Greenlandic Inuit have experienced rapid cultural changes, and absorption into a global economy that has had little regard for their autonomy (5). Cultural discontinuity has been linked to high rates of suicide, sexual abuse and violence in many Inuit communities, with the most profound impact on youth (23,24). The present study revealed that Greenlandic adolescents are exposed to a large number of PTEs. A total of 86.6% of the students had been directly exposed to at least 1 PTE and 74.3% of the students had been indirectly exposed to at least 1 PTE. This is in line with 7 comparison studies, where the prevalence of indirect and direct exposure ranged from 76.5 to 94.8%. Likewise, the average number of directly experienced events was in line with previous studies: The Greenlandic average was 2.8 direct events and 3.9 indirect events per student as compared to averages of 1.9–5.6 direct events and 2.4–7.2 indirect events per student. Thus, the Greenlandic adolescents do not seem to differ from adolescents from other nations in relation to general experiences of PTEs.
It has been suggested that Inuit adolescents may be more exposed to specific types of events, such as suicide attempts, sexual abuse and violent attacks, compared to non-Inuit adolescents (23). The prevalence of attempted suicide in the present study was indeed higher than in all the comparison studies (18.6 vs. 2.4–15.2%; see Table III). The found prevalence, is however, lower than previous findings in Inuit populations (8,24–26). The lower prevalence of attempted suicides among adolescents in the present study, as opposed to other studies of Inuit populations, may be caused by differences in samples, geographical settings and methods, or alternatively, it may indicate an ongoing improvement of conditions for Greenlandic adolescents. The reported prevalence of sexual abuse (full sample 10%; boys 4.4%, girls 14.6%) was much higher than in the comparison studies of non-Inuit populations (1.5–5.2%) with the exception of the Kenyan study, where the prevalence was almost twice as high as the Greenlandic. Also noteworthy, the reported prevalence of physical assault (8.2%) was lower than in the Israeli (30%), the Kenyan (22.5%) and the Faroese (9.7%) studies, but still twice as high as the Danish and Lithuanian prevalence of physical assault (4.4–4.6%). Moreover, the prevalence of witnessing other people getting injured or killed (3%) was found to be lower than in all the comparison studies. This finding may be explained by the very low population density in Greenland. Accidents, murders and violent crimes are obviously more likely to be witnessed by more people in populations of greater density. Of the Greenlandic students participating in the present study, 66.2% reported that they had been exposed to the death of someone close. This prevalence is very high compared to similar studies from other nations, where the prevalence ranges from 7.1 to 54.1%. Furthermore, the Greenlandic adolescents reported a higher prevalence of exposure to rape, pregnancy/abortion, physical abuse and the absence of a parent compared to the other nations, with the exception of Kenya. Taking the Greenlandic infrastructural conditions into account, it is no surprise that the prevalence of exposure to traffic accidents was very low and that the prevalence of exposure to near drowning was very high compared to other nations. The prevalence of indirectly experienced physical assault was also very high compared to the prevalence found in other nations (see Table IV). Indirect experiences of rape, witnessing other people being injured or killed, near drowning, attempted suicide and sexual abuse were also very high among Greenlandic adolescents compared to the prevalence found in other similar studies, again with the singular exception of the very high prevalence found in Kenya. The above suggests that Greenlandic adolescents are not exposed to more PTEs on average than adolescents from other parts of the world, but that they are indeed more exposed to certain specific PTEs such as attempted suicide, death of someone close, rape, sexual abuse, pregnancy/abortion, physical abuse, near drowning and the absence of a parent to a much higher degree than that of adolescents from most other nations.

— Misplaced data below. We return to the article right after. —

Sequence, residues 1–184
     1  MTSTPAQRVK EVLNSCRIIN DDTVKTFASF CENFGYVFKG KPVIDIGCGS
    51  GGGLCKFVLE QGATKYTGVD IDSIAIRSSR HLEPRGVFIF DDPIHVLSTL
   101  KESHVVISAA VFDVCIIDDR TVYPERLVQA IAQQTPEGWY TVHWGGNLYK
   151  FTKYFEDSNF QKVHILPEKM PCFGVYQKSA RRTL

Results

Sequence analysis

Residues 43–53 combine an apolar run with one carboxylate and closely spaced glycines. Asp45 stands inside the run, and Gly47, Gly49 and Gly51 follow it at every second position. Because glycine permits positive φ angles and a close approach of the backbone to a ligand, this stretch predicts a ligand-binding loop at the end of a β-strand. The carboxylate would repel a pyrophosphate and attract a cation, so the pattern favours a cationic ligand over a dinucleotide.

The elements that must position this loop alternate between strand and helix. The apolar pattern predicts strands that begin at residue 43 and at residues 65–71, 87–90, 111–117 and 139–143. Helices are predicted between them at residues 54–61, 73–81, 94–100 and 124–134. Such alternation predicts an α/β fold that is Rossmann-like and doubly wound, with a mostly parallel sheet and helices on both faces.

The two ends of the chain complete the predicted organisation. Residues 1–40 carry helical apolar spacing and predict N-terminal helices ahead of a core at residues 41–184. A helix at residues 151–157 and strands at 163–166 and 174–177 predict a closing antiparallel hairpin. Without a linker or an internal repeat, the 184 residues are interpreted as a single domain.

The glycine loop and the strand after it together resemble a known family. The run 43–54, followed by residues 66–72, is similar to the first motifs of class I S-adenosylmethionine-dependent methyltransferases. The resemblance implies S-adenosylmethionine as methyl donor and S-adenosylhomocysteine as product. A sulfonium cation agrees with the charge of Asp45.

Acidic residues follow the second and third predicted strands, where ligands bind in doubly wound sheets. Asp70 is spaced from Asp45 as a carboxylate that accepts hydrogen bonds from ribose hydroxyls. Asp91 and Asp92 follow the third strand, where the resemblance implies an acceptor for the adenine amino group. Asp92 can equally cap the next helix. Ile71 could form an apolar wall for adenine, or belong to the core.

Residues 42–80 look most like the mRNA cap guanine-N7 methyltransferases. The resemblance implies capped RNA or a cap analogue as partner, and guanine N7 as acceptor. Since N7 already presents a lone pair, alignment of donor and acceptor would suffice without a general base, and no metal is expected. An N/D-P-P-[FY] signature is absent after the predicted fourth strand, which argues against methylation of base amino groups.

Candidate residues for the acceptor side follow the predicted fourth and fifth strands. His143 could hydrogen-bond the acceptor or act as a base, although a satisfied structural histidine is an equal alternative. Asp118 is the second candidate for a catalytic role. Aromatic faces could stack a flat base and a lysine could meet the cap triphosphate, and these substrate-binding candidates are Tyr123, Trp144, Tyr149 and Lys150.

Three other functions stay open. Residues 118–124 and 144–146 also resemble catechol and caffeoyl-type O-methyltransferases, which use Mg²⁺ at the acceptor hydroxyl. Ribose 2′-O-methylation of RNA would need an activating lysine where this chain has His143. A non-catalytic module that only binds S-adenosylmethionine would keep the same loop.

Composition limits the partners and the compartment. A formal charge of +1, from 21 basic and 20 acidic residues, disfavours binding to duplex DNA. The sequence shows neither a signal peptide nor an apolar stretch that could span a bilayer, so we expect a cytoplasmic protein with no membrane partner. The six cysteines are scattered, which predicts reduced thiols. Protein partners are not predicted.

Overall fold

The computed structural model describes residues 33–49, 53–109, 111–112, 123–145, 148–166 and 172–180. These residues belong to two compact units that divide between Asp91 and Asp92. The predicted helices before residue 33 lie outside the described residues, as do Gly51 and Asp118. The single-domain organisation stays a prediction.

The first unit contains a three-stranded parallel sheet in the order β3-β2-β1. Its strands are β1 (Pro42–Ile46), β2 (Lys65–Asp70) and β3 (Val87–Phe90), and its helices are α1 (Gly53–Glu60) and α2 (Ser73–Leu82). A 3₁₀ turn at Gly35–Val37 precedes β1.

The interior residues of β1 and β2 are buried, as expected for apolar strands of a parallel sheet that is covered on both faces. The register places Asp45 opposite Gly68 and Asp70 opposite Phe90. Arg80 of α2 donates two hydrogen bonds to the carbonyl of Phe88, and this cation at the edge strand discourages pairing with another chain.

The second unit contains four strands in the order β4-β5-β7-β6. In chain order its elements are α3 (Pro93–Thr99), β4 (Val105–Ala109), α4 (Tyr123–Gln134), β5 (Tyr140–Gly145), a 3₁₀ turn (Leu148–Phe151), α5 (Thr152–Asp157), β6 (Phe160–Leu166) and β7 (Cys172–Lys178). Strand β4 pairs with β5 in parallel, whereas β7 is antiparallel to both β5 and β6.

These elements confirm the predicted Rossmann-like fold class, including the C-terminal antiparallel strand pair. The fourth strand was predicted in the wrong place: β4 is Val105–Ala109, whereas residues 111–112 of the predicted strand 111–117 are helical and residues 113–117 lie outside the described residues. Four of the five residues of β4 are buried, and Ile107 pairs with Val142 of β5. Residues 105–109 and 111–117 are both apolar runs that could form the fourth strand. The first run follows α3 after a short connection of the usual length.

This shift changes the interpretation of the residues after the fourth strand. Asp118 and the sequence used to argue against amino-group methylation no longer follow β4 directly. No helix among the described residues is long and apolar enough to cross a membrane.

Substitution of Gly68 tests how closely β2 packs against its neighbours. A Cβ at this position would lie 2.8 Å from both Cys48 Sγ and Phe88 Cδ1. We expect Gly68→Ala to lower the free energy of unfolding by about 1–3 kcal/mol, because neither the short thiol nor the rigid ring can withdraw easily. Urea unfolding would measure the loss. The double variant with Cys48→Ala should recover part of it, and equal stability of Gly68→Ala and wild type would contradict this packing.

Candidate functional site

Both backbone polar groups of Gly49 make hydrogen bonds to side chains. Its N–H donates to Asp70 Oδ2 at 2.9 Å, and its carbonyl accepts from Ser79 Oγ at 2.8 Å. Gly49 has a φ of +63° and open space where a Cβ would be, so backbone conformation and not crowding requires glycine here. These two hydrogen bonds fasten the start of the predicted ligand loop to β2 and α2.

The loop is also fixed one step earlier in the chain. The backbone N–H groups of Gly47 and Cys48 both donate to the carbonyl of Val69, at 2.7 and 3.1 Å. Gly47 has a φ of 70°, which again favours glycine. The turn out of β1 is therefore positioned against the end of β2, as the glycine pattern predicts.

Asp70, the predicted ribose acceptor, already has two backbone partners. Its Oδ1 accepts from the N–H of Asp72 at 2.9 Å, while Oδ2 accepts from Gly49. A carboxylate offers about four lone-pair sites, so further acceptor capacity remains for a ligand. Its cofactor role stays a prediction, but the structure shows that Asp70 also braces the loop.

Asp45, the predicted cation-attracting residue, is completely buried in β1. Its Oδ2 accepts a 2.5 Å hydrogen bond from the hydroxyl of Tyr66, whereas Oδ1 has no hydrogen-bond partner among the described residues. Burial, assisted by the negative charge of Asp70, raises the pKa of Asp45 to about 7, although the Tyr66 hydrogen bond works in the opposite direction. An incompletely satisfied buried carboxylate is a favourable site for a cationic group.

In previous studies, gender differences have been found in relation to exposure, with certain specific traumatic events being more likely depending on the individual's gender (21). In the present study, there were significant gender differences in exposure. In general, Greenlandic girls had significantly more direct and indirect PTEs compared to males. Significantly more girls than boys had been directly exposed to rape, witnessing other people getting injured or hurt, attempted suicide, sexual abuse and the absence of a parent. Furthermore, significantly more girls had been indirectly exposed to near drowning, sexual abuse and severe childhood neglect. This suggests a particular vulnerability towards experiencing PTEs in Greenlandic girls.
Based on data from the comparison studies in Iceland, Lithuania, Denmark and The Faroe Islands, it was suggested that girls may be more exposed to in-family related events and self-inflicted events, whereas boys more often appear to be victimised in activities outside of the family (15). However, later comparison studies from India and Kenya did not show this trend. In these studies the boys were exposed to both internal family and external family events to a much higher degree compared to girls. Notably, this was also the case for events that we would naturally expect to happen more frequently to girls, such as rape and sexual abuse. Based on the present study we cannot draw any definite conclusions on this matter but in the light of the varying results from other nations it seems plausible that the Greenlandic female vulnerability towards exposure is related to the specific cultural context. This would be an interesting field of research in the future.